Qualifying Widow/Widower with Dependent Child Filing Status

Surviving spouses receive same tax benefits as married taxpayers

Portrait of a mother and child on the beach
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For those who have suffered the loss of a spouse, there is a special filing status designed to ease the financial burden of the grieving family. 

For the year that the spouse passes away, the surviving spouse may choose to file either jointly with his or her deceased spouse or file a separate return. In the two subsequent years, the surviving spouse may be able to use the Qualifying Widow/Widower With Dependent Child filing status if they are also maintaining a household for a son or daughter.

The Advantages of Qualifying Widow/Widower With Dependent Child Filing Status

There are two chief benefits of Qualifying Widow/Widower status.

  1. The standard deduction amount is the same as for married couples filing jointly.
  2. The tax brackets are exactly the same as for married couples filing jointly.

 

This provides widows and widowers who qualify with a two-year period to transition from their status as joint filers to their new status as an unmarried person.

The table below shows the tax rates that apply to Qualifying Widows and Widowers for the year 2017.

2017 Ordinary Tax Rates for Qualifying Widow or Widower Filing Status
[Tax Rate Schedule Y-1, Internal Revenue Code section 1(a)]

If taxable income isabcdefg
overbut not overTaxable incomeMinusSubtract (b) from (a)Multiplication amountMultiply (c) by (d)Additional AmountAdd (e) and (f)
$0$18,650 $0 × 10% $0 
18,65075,900 18,650 × 15% 1,865.00 
75,900153,100 75,900 × 25% 10,452.50 
153,100233,350 153,100 × 28% 29,752.50 
233,350416,700 233,350 × 33% 52,222.50 
416,700470,700 416,700 × 35% 112,728.00 
470,700 --  470,700 × 39.6% 131,628.00 

 

Criteria for Widow/Widower with Dependent Child Status

The four criteria for being eligible for this filing status:

  1. The taxpayer was eligible to file a joint return with his or her spouse for the year during which the spouse died, whether or not a joint return was filed.
  2. The taxpayer's spouse died during either of the two immediately preceding tax years.
  1. The taxpayer has not remarried during the tax year.
  2. The taxpayer maintains a home for at least one dependent who is a son, daughter, stepson or stepdaughter, whether related by blood or adoption. This dependent resides with the taxpayer for the entire tax year except for temporary absences.

Two-Year Rule for Qualifying Widow/Widower Status

A surviving spouse may be eligible for the Qualifying Widow/Widower status for the two years following the year in which his or her spouse passed away.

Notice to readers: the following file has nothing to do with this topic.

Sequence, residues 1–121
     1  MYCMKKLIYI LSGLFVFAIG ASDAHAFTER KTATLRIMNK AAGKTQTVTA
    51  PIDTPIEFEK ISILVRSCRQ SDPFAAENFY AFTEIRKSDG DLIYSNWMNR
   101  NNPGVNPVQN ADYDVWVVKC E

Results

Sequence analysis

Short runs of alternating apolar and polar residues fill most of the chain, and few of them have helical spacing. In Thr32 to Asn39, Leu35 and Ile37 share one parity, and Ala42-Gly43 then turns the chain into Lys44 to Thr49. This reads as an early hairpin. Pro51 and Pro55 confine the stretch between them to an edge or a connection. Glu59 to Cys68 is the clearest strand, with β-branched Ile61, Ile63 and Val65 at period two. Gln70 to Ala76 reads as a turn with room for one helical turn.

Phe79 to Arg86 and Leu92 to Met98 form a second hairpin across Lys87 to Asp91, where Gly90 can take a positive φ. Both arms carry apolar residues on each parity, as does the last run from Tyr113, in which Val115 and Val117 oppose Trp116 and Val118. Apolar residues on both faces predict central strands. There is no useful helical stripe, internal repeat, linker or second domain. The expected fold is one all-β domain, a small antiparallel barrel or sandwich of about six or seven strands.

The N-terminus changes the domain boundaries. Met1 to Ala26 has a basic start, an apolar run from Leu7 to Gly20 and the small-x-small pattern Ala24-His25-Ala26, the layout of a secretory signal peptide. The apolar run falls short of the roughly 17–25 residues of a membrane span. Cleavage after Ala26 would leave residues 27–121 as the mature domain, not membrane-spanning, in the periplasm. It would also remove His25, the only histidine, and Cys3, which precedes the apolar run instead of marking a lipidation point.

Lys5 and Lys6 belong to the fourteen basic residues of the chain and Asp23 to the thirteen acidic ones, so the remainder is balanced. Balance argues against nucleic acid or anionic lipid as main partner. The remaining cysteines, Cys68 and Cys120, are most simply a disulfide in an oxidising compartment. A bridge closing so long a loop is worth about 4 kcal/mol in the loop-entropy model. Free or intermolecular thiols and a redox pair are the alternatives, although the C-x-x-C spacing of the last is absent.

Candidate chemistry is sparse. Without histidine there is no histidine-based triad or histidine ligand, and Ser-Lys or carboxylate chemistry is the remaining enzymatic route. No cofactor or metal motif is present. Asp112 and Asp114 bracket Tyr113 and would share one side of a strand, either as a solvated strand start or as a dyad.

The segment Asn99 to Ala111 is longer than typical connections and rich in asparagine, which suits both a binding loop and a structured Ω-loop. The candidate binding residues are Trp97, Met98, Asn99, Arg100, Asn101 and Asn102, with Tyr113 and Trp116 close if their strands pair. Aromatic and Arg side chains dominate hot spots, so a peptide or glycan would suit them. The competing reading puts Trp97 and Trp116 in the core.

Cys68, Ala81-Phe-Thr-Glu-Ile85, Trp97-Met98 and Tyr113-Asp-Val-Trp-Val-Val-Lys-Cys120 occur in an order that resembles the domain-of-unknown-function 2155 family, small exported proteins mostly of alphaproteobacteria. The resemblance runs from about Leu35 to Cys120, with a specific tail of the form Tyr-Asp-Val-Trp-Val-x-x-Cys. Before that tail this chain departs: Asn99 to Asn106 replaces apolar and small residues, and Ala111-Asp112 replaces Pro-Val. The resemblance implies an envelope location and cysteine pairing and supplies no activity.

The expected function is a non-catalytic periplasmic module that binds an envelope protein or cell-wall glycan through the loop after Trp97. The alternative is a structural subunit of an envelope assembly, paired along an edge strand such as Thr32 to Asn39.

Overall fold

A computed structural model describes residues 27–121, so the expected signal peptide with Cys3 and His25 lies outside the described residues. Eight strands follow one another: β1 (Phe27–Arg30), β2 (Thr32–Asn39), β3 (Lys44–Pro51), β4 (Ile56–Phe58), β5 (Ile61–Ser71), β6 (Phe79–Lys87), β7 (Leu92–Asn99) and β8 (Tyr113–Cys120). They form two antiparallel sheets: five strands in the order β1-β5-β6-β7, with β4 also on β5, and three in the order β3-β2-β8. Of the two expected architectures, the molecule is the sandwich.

For example, suppose a spouse who passes away in 2017. The surviving spouse may file a joint return with his or her deceased spouse for the year of death (2017). For the next two years (2018 and 2019), the surviving spouse may file using the Qualifying Widow/Widower status. Afterwards (year 2020 and later), the person would need to choose another filing status, such as single or head household, depending on their circumstances.

Types of Dependents that Qualify a Taxpayer for Qualifying Widow/Widower Status

The surviving spouse must be eligible to claim his or her son or daughter or stepson or stepdaughter as a dependent. This is true whether the child is related by blood or adoption. Even though foster children are not included in the definition, nor any other types of dependent, that does not mean a surviving spouse cannot claim these other types of dependents.

What we're looking at is whether a taxpayer is eligible for the Qualifying Widow/Widower filing status.

Maintaining a Home for a Dependent Child

To be eligible for the Qualifying Widow/Widower filing status, the taxpayer needs to maintain a home for a son or daughter or stepson or stepdaughter. Maintaining a home means that the taxpayer furnished over half the cost of keeping up the home. Costs of keeping up a home include rent or mortgage payments, property taxes, utilities, and groceries.

Further, the child would need to reside in the same household as the taxpayer for the entire year, except for temporary absences. Temporary absences such as illness, education, business, vacation, or military service will not disqualify a taxpayer for the Qualifying Widow/Widower status. As the IRS notes, "It must be reasonable to assume the absent person will return to the home after the temporary absence.

You must continue to keep up the home during the absence" (from Publication 501).

Further Reading